Christopher Plummer was working from home due to Covid restrictions. How did you film Kendra's scenes with his character Howard?
Well, the great thing about Christopher Plummer is he's such a joy to work with. And last season I got to spend so much time with him. He's a legend, but he's also such a wonderful actor to work with, and he has such a lovely, mischievous streak about him. And as you know, at the end of season one, he's done something quite unforgivable, so this season – conveniently – he has a lot of his scenes with Kendra on the phone, and those are scattered throughout all the episodes. They were incredibly easy to do because we had built up such a great relationship in season one. So when we were filming the phone calls, it felt like he was just next door. We didn't struggle with those, and those phone calls are some of my best and favourite scenes, and thus working on them, even though he wasn't on the other end of the phone with me, and I wasn't on the other side of the phone for him.
So you filmed the scenes listening to each other's recordings?
Yes, but because we knew each other quite well from season one, that helped innately. We knew each other's energies and had spent so much time together that it felt effortless.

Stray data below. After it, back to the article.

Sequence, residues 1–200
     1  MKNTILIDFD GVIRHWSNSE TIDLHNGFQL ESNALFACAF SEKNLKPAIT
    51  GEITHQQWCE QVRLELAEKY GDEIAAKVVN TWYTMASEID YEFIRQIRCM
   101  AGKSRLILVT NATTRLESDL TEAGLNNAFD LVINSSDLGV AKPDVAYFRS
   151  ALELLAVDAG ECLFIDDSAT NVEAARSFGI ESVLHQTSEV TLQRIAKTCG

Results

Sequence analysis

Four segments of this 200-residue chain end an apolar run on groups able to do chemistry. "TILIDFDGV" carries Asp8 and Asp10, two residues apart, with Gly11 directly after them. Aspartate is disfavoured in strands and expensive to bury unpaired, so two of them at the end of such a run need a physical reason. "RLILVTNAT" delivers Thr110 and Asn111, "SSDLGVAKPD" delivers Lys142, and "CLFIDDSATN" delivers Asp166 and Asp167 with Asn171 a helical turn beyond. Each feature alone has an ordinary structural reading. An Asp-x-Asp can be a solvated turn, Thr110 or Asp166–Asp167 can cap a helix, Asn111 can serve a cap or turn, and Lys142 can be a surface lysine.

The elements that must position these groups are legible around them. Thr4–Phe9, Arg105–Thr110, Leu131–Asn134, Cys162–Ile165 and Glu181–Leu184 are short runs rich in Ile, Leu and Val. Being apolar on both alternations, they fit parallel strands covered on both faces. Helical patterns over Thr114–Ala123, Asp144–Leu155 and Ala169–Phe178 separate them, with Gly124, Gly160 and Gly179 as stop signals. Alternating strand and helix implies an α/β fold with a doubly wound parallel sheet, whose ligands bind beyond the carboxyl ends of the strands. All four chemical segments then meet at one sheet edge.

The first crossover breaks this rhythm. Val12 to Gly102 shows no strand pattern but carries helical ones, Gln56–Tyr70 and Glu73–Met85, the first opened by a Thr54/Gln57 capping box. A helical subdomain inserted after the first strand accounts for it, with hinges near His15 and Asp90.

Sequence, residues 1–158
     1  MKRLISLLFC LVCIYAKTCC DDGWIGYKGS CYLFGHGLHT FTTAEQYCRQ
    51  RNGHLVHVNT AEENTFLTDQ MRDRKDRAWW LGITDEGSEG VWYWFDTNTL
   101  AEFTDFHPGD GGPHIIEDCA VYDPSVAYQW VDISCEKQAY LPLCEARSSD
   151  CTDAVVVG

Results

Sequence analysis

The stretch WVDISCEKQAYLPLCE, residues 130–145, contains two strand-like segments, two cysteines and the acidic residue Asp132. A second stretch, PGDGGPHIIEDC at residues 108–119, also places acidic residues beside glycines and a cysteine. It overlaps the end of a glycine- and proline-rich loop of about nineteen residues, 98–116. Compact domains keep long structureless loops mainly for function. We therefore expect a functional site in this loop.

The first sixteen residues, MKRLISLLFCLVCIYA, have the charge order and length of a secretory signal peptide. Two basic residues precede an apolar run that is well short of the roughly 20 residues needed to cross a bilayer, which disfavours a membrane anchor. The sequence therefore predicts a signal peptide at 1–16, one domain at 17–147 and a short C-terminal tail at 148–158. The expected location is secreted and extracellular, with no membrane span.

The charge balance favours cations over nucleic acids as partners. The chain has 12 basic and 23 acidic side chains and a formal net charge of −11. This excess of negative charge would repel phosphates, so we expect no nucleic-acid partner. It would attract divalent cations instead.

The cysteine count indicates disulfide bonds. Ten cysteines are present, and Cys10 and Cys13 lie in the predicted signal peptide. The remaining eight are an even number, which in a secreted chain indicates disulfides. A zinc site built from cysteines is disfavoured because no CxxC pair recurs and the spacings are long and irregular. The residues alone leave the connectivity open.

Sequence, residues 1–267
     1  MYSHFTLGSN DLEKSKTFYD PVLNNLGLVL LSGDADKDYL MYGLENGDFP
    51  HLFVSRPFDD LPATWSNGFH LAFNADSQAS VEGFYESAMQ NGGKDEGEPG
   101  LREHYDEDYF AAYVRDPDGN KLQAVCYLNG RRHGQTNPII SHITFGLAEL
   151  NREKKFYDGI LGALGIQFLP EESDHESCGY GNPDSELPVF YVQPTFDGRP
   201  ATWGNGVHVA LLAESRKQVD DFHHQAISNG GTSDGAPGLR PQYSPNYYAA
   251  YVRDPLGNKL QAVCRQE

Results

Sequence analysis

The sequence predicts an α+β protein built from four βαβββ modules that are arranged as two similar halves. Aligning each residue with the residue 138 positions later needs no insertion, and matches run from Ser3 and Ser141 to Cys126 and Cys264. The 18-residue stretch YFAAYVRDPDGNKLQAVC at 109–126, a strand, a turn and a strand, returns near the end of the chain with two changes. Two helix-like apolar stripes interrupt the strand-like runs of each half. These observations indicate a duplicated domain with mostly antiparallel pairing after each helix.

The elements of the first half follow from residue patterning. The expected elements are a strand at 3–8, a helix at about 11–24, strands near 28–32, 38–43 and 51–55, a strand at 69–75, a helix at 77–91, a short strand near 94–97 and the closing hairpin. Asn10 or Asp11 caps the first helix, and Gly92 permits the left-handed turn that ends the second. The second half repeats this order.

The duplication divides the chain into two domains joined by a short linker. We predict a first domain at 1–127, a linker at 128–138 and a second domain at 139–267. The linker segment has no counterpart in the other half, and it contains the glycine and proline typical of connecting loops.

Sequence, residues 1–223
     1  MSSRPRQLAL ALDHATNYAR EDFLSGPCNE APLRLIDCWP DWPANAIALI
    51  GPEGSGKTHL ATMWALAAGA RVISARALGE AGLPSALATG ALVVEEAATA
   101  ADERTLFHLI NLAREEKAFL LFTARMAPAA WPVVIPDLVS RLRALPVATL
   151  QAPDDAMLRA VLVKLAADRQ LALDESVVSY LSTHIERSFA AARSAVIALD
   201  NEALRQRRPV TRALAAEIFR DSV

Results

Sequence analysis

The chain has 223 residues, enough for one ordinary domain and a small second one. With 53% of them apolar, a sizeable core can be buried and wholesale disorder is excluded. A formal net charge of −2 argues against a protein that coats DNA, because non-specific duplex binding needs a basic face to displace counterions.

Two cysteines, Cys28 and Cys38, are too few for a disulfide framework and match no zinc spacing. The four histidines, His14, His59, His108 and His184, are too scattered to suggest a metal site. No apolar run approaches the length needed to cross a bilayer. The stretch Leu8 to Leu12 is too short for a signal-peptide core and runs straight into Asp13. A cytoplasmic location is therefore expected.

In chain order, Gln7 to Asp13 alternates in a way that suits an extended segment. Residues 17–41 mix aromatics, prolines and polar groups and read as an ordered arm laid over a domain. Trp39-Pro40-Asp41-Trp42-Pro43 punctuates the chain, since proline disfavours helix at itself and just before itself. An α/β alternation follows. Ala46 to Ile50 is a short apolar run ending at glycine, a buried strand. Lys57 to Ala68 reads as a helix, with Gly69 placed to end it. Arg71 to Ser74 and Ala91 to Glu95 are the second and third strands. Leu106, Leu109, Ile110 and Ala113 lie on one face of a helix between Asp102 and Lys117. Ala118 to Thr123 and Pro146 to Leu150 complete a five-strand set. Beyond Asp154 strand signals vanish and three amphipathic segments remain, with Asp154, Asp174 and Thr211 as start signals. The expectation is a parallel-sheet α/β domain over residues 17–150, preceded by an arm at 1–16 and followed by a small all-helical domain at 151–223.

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Do you feel that the coronavirus pandemic changed the way you are telling the story in season two?
I don't know if it changed the story, but we certainly felt the restrictions when we first started filming. For example, often when you make a show like this, you have read-throughs, or you have rehearsals, or you have welcome dinners which allow you to get to meet the actors that you are going to work with, which allows you to form a bond where you can share ideas and talk about ideas. And the difficulty on this show was that I would get to meet the actors on the day we were filming, just before we would film, and we would both be wearing a mask. And we have a director, who is wonderful, but he lost the film rehearsals.
So I would be doing my first scene with one of the actors wearing a mask, and I had only seen their full face when we did the first shot, which I was a little bit unconformable with at first, but that is just one of the problems you have with Covid. So what we ended up doing was, all the actors made a big effort, while they were setting up the shot, to talk to the other actors, to share their ideas, to do the line-runs to try and discuss how their relationships evolve over the six episodes because we weren't filming this chronologically.